Safe medication key for better healthcare
In May 2019, at the 72nd World Health Assembly, a “Global Action on Patient Safety” resolution was adopted by World Health Organisation (WHO) urging member states to recognise patient safety as a key priority in health sector policies and programmes. The resolution established ‘World Patient Safety Day’ as an official WHO day to be observed annually on September 17.
This commemoration challenges us as healthcare givers to ensure that we achieve our obligation of delivering Medication Without Harm; the slogan for this year’s World Patient Safety Day celebrations.
The need for high medication safety standards demands that clinicians prescribe, dispense and administer appropriate medicines and monitor their use. The Medication-Without-Harm strategy aims at reducing severe avoidable medication-related harm by 50 percent globally in the next five years.
Uganda experiences critical medication challenges relating to practices and errors such as incorrect dosages, unclear instructions by healthcare givers to their clients, use of abbreviations and inappropriate or illegible prescriptions and self-medication, among others.
According to the US’s Institute for Healthcare Informatics, the global cost associated with medication errors is estimated at $42b annually.
Government is committed to ensuring availability of adequate and safe medicines and supplies in the entire country. This is why we have strengthened the National Drug Authority (NDA), whose mandate is to ensure that the drugs we have on the market are of good quality, safe and efficacious.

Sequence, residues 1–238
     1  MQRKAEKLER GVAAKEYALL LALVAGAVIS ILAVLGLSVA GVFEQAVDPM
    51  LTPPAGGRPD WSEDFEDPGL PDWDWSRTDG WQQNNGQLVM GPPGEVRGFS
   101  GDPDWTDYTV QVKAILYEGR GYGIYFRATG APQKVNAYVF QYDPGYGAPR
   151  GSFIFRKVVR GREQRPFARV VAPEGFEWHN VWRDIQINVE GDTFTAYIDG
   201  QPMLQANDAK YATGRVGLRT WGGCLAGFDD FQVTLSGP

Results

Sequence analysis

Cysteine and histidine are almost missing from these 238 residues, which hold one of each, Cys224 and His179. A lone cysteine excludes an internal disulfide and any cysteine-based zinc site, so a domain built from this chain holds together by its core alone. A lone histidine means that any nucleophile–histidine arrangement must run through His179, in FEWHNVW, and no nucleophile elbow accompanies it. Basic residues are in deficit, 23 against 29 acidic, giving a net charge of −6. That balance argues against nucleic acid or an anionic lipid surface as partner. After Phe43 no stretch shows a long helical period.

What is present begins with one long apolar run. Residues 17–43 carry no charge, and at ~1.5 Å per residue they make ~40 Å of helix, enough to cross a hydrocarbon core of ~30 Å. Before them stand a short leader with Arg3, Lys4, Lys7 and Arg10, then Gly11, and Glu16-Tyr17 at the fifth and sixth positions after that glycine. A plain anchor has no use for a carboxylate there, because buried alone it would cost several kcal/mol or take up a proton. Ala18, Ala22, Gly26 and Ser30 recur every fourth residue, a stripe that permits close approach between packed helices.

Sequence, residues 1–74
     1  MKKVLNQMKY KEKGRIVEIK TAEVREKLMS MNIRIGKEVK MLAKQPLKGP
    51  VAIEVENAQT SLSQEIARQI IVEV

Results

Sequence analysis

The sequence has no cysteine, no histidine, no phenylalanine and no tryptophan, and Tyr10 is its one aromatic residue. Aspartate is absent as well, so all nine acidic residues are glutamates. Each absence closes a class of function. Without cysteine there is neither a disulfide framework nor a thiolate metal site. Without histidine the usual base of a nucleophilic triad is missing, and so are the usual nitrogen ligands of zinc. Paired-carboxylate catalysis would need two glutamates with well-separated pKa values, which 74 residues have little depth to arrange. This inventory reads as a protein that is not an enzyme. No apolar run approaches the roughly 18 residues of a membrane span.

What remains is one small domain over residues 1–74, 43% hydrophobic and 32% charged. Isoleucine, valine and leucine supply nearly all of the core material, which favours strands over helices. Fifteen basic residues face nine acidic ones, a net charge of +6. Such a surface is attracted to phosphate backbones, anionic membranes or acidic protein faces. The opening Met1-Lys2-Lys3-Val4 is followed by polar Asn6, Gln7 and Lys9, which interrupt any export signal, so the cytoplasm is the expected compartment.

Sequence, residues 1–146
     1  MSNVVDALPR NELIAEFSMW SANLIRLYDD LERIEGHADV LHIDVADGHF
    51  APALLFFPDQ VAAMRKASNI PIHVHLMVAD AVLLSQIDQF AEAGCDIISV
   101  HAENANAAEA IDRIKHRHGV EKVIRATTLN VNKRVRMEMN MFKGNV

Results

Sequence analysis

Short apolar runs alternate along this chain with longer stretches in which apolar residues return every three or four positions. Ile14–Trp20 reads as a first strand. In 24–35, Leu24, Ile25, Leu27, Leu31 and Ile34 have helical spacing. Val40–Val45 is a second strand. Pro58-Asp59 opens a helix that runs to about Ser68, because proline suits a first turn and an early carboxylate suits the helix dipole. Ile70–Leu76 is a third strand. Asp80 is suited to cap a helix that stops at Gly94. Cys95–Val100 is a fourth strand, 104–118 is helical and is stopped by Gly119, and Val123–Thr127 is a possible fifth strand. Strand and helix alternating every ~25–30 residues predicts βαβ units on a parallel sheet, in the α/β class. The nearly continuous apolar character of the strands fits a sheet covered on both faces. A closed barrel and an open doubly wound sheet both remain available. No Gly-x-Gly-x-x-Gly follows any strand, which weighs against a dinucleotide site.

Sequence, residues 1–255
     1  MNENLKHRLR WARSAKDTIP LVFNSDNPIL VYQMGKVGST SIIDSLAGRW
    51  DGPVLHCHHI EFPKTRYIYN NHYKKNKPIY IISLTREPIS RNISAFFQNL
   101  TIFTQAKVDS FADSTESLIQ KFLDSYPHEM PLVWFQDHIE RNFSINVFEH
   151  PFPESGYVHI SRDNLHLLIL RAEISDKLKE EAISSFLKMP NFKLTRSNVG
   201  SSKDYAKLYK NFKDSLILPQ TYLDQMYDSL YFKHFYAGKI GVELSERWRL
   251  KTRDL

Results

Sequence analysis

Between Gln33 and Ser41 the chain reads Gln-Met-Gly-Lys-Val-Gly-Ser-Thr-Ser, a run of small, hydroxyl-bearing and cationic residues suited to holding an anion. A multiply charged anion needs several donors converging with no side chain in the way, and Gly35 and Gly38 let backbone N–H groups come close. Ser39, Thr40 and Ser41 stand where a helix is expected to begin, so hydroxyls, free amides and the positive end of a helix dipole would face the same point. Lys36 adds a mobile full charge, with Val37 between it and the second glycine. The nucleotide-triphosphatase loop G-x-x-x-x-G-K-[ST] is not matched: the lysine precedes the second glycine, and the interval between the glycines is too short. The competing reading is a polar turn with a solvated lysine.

Health care is largely dependent upon medicines for preventing infections, reducing pain, and treating illness. Quality care means getting the right medicine, in the right dose, at an affordable price, by all the people who need it.
The Ministry of Health established a secretariat at NDA that monitors and analyses side effects from drugs. We have put in place several platforms where the public can report drug-related problems. These include a toll free phone number (0800101999), WhatsApp number (0740002070), email ([email protected]). Reporting unexpected drug reaction helps us in taking regulator action.
We have also continued to increase availability and supply of essential medicines in the health facilities. To avert rampant stock-outs and expiry of medicines and supplies, the ministry, through National Medical Stores has empowered managers of health facilities to quantify and order for medicines based on their specific needs. We are also in advanced stages of rolling out the web-based ordering system at lower-level health centres.
We are aware that inadequate staffing contributes to mismanagement of medicines and related supplies which goes against the principle of quality patient care. The minisitry is committed to recruiting more staff to reduce the patient-health worker ratio.
To enhance the safe storage of medicines and supplies, we have constructed 19 medicine stores in the districts of Ntoroko, Zombo, Nakaseke, Buikwe, Luuka, Pallisa, Serere, Napak, Nakapiripirit, Bukwo, Alebtong, Agago, Lwengo, Lyantonde, Isingiro, Buhweju, Sheema, Rubirizi, and Buliisa. We are also constructing a new modern warehouse and a central vaccine store for NMS at Kajjansi with the capacity of 30,000 pallet positions compared to the current 8,000 pallet positions.
In November 2021, the ministry launched the Patient Safety Project. The project is focusing on improving the safety of our clients and health workers through the reduction of unsafe practices in all the 16 regional referral hospitals, China Uganda Friendship National Referral Hospital-Naguru and Tororo General Hospital. The project farther aims at having better working environment through establishing reliable reporting mechanism for medical errors and near misses.
As a ministry, we are committed to ensuring that the right tools and materials are made available to facilitate the right diagnosis and responsible prescription practices. We are strengthening stakeholder coordination and support towards increased demand for accountability and quality services as well as mobilising for additional support for the highly needed resources to meet the increasing demand for medication safety and general health care in Uganda.
The author is the Minister of Health